• Ryan S.

          To bolster your argument, its worth factoring in the wealth of the owner of the team. Pohlad, the Twins’ owner, is worth more than twice what Steinbrenner is for example. That cheapskate wouldn’t even get a domed stadium for his baseball team … in MINNESOTA. That’s straight up not caring about your fans or your baseball team- the weather could still be in the 10s or 20s in April over there!

  • Jake K.

    Since spending works, 1 year, $25 million for Manny. It’ll win games and be as entertaining as hell.

  • Rick in Boston

    Ben – (Hate to nitpick), but didn’t the 2003 Marlins have a lower payroll than the Yankees?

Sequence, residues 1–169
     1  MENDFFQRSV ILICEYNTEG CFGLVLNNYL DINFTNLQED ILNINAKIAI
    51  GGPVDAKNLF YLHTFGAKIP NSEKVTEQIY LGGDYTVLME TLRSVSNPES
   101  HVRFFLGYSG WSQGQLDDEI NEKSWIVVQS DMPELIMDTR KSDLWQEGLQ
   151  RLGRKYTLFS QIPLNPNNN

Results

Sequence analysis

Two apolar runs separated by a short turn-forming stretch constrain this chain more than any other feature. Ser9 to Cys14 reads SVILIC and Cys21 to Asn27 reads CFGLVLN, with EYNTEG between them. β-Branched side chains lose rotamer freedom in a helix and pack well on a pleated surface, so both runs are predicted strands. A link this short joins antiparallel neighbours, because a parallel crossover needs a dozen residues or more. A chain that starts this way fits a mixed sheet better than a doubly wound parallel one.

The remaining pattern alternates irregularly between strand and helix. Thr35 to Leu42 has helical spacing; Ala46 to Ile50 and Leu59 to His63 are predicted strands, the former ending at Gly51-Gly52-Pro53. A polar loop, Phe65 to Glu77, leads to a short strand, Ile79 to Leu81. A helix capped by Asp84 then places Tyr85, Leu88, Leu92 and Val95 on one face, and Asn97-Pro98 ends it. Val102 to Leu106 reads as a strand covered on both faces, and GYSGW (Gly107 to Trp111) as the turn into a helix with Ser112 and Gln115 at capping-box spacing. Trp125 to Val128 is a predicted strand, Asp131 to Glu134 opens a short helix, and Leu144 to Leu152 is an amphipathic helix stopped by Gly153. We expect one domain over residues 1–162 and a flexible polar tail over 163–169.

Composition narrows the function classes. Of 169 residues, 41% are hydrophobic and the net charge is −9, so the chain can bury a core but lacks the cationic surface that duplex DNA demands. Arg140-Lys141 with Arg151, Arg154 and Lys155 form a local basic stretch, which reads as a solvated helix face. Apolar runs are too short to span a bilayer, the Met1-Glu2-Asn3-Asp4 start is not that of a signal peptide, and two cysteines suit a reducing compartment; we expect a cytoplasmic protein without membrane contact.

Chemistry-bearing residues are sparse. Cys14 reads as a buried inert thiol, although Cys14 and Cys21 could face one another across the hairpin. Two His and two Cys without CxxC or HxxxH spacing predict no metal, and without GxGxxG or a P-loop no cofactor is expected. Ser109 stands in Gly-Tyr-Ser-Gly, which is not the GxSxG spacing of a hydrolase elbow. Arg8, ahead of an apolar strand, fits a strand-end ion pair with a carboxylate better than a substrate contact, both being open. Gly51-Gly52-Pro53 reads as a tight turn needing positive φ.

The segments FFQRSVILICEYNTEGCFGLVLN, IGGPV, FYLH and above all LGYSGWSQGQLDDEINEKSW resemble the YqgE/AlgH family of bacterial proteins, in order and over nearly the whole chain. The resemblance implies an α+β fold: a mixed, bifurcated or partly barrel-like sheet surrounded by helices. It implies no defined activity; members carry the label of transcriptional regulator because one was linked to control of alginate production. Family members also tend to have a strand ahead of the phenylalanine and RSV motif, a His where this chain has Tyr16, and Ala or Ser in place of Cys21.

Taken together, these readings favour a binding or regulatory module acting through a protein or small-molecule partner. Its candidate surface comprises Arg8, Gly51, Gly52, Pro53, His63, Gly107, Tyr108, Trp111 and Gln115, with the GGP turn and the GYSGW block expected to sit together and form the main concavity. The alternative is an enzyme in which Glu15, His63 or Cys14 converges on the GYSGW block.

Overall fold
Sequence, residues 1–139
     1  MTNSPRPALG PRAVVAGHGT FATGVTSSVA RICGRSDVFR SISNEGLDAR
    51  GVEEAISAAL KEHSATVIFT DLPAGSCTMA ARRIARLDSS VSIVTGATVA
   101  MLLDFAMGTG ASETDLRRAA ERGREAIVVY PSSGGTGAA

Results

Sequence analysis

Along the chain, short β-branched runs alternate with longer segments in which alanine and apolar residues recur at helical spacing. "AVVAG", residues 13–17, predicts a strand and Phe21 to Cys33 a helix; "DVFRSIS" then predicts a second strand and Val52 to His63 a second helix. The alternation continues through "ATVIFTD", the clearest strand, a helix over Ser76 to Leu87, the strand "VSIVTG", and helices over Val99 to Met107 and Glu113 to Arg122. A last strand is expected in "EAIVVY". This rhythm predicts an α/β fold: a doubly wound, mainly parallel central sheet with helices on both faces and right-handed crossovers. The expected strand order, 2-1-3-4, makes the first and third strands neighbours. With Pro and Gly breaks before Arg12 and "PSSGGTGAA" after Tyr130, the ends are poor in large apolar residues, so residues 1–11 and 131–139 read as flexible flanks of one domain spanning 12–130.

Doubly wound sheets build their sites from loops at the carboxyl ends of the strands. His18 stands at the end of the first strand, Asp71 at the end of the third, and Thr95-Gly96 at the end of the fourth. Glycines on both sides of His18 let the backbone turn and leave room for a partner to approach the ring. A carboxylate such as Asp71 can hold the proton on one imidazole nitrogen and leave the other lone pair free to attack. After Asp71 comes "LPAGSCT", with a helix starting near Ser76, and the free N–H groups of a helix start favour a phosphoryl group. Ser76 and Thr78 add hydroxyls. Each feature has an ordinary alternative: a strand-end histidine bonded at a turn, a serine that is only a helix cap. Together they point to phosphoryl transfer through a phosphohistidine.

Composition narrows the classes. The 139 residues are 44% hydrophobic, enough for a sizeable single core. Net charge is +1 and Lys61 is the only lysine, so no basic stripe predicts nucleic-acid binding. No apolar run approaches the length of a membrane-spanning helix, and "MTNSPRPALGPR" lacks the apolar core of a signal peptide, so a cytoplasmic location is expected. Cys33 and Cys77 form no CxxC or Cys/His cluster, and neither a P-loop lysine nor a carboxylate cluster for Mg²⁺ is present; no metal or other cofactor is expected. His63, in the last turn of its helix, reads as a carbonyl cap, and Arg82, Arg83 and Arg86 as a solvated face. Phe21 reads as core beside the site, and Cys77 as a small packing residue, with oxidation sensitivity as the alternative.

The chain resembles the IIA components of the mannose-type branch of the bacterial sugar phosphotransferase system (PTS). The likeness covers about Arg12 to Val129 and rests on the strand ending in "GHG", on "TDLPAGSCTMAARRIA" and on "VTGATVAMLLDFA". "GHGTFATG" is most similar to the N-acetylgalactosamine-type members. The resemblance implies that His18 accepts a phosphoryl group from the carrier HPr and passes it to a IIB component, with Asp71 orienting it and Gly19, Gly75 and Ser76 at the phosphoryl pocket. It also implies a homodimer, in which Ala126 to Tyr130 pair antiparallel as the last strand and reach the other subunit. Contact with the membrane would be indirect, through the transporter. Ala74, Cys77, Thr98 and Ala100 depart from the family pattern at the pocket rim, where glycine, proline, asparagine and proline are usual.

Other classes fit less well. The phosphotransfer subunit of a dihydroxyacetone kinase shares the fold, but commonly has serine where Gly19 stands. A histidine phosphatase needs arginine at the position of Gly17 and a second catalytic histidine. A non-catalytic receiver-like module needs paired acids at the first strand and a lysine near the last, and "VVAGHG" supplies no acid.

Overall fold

• Ed

    I’d distinguish between trying to buy a championship and just operating under a big budget.

    The Yankees, Red Sox, Mets, etc are just teams that earn and spend a lot of money.

    The 2001 Diamondbacks were a team trying to buy a championship. They spent an abnormal amount of money compared to their revenues and payroll for other years. They did it by offering players huge contracts with massive amounts of deferred money (Johnson and Schilling each had ~50% deferred for starters), a lot of which they’re still paying out.

    The Marlins championship years were also aimed to buy a championship, considering they spent big on one season then traded away all their big contracts with no intentions of competing again soon.

  • Old Ranger